On Tuesday, November 30, 2010 02:31:29 am Phillip Gawlowski wrote:
> into the cloud services, if and how to centralize IT support, etc.
To do that effectively would require some understanding of these,
however. In
particular, "cloud" has several meanings, some of which might make
perfect
sense, and some of which might be dropped on the floor.

> The CTO supports the CEO, and you hardly expect the CEO to be
> well-versed with a tiny customer, either, would you?

I'd expect the CEO to know and care at least about management, and
hopefully
marketing and the company itself.

> Oh, and he's the fall guy in case the database gets deleted. :P

Ideally, the person who actually caused the database to get deleted
would be
responsible -- though management should also bear some responsibility.

> distributed workforce on the same page,
Yet Google seems to manage with less than half the, erm, org-chart-depth
that
Microsoft has. Clearly, there's massive room for improvement.

> b) to provde consistent
> results,

This almost makes sense.

> c) to keep the business running even if the original
> first five employees have long since quit.

This really doesn't. How does _bureaucracy_ ensure that more than, say,
the
apprenticeship you described in the steel industry?

>
> You don't order a power plant or a skyscraper on a whim, but because
> it is something that is *necessary*.

Nothing's stopping you from switching contractors, or switching to a
different
approach entirely -- there's more than one way to get power.

> And the postponing (or cancelling, as rarely as it happens), has
> extreme repercussions. But that's why there's breach of contract fees
> and such included, to cover the work already done.

Then what's the point of the "final approval" that you're waiting for?

> end.
That seems to be true almost by definition, but major improvements in IT
do
affect non-IT companies. Shipping companies and airlines benefit from
improved
ways to find routes, track packages or flights, and adapt quickly to
changing
conditions (like weather). Supermarkets and retail outlets benefit from
improved ways to manage inventory -- to track it, anticipate spikes and
problems, and react to things like a late shipment.

It may be that all the important problems in these areas are solved, but
again, it seems risky to assume that.

> > But as soon as you want to analyze any sort of financial trend, as soon
> > as you want to mine that data in any meaningful way, you have a huge
> > problem....
>
> Why do you think the Waterfall Process was invented? Or IT processes
> in the first place? To discover and deliver the features required.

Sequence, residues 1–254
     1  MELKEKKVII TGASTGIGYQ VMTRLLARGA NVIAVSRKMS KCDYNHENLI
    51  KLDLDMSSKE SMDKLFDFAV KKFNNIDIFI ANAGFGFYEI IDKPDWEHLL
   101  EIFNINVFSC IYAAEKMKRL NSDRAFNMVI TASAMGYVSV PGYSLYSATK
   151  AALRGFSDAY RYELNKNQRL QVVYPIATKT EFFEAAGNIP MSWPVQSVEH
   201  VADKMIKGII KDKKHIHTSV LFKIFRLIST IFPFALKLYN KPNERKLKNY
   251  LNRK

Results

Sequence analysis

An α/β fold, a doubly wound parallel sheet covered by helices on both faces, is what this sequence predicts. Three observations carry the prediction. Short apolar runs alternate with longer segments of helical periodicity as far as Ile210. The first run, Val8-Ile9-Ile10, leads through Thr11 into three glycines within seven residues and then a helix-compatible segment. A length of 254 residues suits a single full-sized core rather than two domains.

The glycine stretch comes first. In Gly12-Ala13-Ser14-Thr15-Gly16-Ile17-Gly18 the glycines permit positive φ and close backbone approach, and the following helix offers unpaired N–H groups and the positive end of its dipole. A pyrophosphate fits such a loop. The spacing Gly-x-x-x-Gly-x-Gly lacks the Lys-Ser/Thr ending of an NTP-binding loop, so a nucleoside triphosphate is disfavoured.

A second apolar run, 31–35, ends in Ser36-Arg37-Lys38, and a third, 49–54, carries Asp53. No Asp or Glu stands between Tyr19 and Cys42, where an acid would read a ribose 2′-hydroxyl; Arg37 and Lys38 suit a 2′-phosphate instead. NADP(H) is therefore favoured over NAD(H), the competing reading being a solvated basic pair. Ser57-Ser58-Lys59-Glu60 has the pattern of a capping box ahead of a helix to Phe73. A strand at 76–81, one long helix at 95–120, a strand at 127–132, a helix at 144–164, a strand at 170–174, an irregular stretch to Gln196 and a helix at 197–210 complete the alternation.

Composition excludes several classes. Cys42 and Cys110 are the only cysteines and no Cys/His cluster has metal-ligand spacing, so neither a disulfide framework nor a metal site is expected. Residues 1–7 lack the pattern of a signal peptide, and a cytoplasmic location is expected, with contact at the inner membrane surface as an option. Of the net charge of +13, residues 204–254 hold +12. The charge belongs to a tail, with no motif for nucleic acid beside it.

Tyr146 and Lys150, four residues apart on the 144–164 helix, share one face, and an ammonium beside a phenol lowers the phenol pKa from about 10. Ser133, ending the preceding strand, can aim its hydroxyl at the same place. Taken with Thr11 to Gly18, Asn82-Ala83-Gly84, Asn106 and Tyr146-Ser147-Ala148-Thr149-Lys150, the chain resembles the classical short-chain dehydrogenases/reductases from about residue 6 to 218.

The point of this example is that you don't necessarily know up front
what the
"requirements" are. It's not required that you be able to perform such
analysis, and it might not have been feasible when the original program
was
written, but it's certainly valuable today.
Ac0085dae0703db56ad7f8cb9e1798ba?d=identicon&s=25 Phillip Gawlowski (Guest)
on 2010-12-01 15:46
(Received via mailing list)
On Wed, Dec 1, 2010 at 2:40 AM, David Masover <ninja@slaphack.com>
wrote:
>
> To do that effectively would require some understanding of these, however. In
> particular, "cloud" has several meanings, some of which might make perfect
> sense, and some of which might be dropped on the floor.

Ideally, yes. However, I contend that on the C-level with the size of
corporations we are talking about, issues become very abstract, and
management reads the abstract of reports, much like the Joint Chiefs
of Staff don't deal with the After Action Reports of a platoon, but
with the state of the whole theater of engagement. Those require
different skills and a different thinking (more big picture vs
details).

>> The CTO supports the CEO, and you hardly expect the CEO to be
>> well-versed with a tiny customer, either, would you?
>
> I'd expect the CEO to know and care at least about management, and hopefully
> marketing and the company itself.

Absolutely. But it's the big picture, rather than the performance of a
single salesperson / developer.

>> >> Together with the usual
>> There isn't. The bureaucratic overhead is a result of keeping a) a
>> distributed workforce on the same page,
>
> Yet Google seems to manage with less than half the, erm, org-chart-depth that
> Microsoft has. Clearly, there's massive room for improvement.

That's neither here nor there. You can debate endlessly how much
bureaucracy is needed, but it is quite clear that some bureaucracy is
needed.

>> c) to keep the business running even if the original
>> first five employees have long since quit.
>
> This really doesn't. How does _bureaucracy_ ensure that more than, say, the